So recently I headed to Yosemite National Park and the Ansel Adams Gallery, which offers free camera walks, as well as photo classes and multi-day workshops for a fee, taught by staff photographers. Many of the iconic Yosemite photos I adore were shot by Adams, who died in 1984, and I thought a lesson here would be the nearest thing to learning from the man himself.
I wanted to maximize my hands-on learning experience with the pros, so I signed up for the 1½-hour adult camera walk and a four-hour "basics" class, both taught by Christine White Loberg.
FOR THE RECORD:
Yosemite photo classes: An article in the Jan. 8 Travel section on photography workshops in Yosemite National Park referred to an F-stop as a camera's focal length. F-stop settings describe the size of the lens opening that allows light into the camera. —
On the adult photo walk, Loberg took us to scenic locations within easy walking distance of the gallery in Yosemite Village. Loberg, who is also a part-time park ranger at Yosemite, pointed out animal habitats and identified native plants. She also shared with us some of Adams' photos and his artistic philosophy.
She said Adams often used musical analogies when discussing photography, comparing a negative to a music score and the resulting photograph to the performance of the score. Loberg also showed us how two photographers can take very different images of the same tree, depending on whether they use filters and how they use the light. I began to see myself as the artist and my camera as a tool.
When I learned that the kids' photo walk involved sitting or lying on the ground in order to snap the perfect shot, I opted to take it too. The highlight was learning how to shoot "trick" photos so that it appears that a person is drinking from a distant waterfall or that a "headless" person is sitting on a log next to his head. This class made me understand the importance of finding the best angle for a photo and the difference shooting from above or below can make.
In Loberg's Basics of Digital Photography class ($95 for four hours), she taught eight beginning photographers, ranging in ages from 14 to 60-plus, how to use the manual settings on our digital cameras (both point and shoot and single lens reflex). Here are a few highlights:
• Shutter speed determines how fast a camera's aperture closes. A slower shutter speed, such as 1/15 or 1/30, is great in low-light situations but requires a tripod or a steadier hand than most of us possess. Faster shutter speeds are better when you are shooting "hand-held." If I were shooting a campfire scene, a slower shutter speed would be best, whereas it's better to use a faster shutter speed to shoot a waterfall. I also used the continuous shooting mode while photographing Lower Yosemite Falls.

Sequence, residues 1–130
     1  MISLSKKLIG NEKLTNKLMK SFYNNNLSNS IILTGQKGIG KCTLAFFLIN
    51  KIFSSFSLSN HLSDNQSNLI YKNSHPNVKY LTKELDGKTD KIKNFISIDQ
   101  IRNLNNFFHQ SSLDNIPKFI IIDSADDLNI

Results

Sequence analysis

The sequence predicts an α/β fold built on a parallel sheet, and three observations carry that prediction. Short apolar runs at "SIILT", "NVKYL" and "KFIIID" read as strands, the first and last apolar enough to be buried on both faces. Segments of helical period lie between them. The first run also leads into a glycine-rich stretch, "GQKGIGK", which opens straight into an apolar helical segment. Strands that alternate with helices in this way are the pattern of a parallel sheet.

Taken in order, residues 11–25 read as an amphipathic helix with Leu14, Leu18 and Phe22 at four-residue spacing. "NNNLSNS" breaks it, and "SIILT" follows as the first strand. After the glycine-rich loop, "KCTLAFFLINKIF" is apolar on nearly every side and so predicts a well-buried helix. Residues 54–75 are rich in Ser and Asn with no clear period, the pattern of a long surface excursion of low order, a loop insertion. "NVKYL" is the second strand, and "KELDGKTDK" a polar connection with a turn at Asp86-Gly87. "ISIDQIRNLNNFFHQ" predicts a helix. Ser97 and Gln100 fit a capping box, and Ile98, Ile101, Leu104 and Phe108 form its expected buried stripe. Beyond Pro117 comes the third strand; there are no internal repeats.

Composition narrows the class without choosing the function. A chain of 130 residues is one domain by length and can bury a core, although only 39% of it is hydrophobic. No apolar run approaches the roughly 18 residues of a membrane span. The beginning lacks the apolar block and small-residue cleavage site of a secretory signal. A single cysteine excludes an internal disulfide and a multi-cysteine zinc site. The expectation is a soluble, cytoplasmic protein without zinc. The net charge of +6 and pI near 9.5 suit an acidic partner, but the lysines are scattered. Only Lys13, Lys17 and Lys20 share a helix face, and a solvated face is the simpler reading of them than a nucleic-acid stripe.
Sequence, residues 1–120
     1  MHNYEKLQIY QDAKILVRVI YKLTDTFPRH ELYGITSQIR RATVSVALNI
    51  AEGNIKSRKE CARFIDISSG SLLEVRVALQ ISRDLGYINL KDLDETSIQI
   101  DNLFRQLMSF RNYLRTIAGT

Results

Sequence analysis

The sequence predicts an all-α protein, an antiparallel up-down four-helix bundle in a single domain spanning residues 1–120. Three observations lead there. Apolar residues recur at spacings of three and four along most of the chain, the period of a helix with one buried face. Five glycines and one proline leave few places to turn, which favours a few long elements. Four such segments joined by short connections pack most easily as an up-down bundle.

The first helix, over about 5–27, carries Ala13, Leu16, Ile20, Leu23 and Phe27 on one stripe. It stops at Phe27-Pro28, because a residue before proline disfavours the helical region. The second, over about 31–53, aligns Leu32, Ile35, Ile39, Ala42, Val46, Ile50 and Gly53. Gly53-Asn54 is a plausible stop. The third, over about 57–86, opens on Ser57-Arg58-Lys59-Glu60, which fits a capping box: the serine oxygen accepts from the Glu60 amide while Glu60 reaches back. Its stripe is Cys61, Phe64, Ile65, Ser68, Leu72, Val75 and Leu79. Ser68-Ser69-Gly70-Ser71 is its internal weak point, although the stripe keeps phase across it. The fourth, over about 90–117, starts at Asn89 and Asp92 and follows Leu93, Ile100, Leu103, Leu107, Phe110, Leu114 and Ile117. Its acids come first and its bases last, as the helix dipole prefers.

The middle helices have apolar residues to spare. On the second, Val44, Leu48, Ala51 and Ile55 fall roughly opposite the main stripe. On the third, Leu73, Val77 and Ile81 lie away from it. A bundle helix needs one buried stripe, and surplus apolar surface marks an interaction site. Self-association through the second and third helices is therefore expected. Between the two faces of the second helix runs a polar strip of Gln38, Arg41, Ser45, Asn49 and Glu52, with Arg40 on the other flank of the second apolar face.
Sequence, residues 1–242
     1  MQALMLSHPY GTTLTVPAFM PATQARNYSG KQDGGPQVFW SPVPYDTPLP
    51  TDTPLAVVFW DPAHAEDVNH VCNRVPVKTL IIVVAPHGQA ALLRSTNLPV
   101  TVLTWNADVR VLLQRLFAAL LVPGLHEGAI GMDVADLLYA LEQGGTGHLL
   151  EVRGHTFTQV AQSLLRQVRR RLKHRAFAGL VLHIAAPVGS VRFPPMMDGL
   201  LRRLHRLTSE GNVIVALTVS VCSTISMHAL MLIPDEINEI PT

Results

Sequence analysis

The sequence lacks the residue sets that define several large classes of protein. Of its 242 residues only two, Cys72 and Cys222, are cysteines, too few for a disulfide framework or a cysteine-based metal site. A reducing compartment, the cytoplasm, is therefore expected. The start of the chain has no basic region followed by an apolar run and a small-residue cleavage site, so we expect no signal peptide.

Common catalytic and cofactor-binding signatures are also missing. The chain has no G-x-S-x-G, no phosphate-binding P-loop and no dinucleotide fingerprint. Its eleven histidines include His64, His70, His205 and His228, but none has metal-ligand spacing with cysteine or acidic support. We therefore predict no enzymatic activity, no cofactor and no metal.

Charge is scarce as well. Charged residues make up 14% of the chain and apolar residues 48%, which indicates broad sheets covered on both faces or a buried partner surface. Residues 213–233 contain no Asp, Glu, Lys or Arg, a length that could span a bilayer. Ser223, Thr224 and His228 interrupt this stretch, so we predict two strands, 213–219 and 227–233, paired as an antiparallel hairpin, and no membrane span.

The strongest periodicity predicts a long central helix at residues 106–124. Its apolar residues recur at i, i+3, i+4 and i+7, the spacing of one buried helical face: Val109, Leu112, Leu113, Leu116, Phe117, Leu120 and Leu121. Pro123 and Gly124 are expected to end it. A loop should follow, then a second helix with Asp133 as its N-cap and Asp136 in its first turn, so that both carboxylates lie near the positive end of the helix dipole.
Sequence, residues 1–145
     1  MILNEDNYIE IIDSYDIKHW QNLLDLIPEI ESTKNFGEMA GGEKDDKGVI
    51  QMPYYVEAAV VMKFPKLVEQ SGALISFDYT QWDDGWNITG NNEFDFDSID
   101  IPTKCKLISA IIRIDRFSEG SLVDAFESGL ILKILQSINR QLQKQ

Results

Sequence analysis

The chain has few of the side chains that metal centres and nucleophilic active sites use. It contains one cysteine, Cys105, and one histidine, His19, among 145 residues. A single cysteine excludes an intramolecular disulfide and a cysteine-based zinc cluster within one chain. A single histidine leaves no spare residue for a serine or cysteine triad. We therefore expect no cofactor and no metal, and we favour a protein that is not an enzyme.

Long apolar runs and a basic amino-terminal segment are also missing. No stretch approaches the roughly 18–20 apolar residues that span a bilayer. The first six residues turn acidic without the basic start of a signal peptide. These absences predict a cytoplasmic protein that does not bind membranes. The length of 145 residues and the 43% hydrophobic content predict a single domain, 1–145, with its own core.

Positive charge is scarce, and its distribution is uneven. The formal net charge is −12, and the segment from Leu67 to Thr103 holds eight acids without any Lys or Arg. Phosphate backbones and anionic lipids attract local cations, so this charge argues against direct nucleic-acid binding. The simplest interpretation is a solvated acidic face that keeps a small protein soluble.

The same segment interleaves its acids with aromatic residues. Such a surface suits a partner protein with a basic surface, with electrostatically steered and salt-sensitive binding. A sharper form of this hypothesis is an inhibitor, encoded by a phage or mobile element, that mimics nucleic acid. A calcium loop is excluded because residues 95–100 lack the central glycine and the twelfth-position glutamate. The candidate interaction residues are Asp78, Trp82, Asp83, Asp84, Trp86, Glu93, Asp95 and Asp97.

• Use your digital camera's histogram to adjust your shutter speed, F-stop (focal length) and ISO (which determines your camera's sensitivity to light). The histogram is a graph that illustrates how much light (highlights) and darkness (shadows) are in an image before or after you shoot it. The website eHow discusses using a digital camera's histogram (http://www.ehow.com/how_4523400_use-histogram-photography.html); your camera manual may also provide instruction.
• Adjust the Auto White Balance setting on your camera to heighten the primary colors of red, blue and green. Forest images can pop with green or blue highlights. Increasing the red in the White Balance can create a sizzling sunset image.
Loberg taught me to see my camera as a paintbrush. Although Half Dome has been extensively photographed, I now can put my own artistic spin on this and other Yosemite icons.
Spending a few hours in a photography class on a vacation might empower you too. I finally feel as if I can take a bow for taking a good photo rather than letting my camera bask in all the applause.
To learn more
For information on photography classes offered by the Ansel Adams Gallery, go to http://www.anseladams.com.
The free photo walks are offered at 9 a.m. on Mondays, Tuesdays, Thursdays and Saturdays and are limited to 15 people. The children's photo walk — which is open to adults — is offered only in summer. Call (209) 372-4413 to reserve space.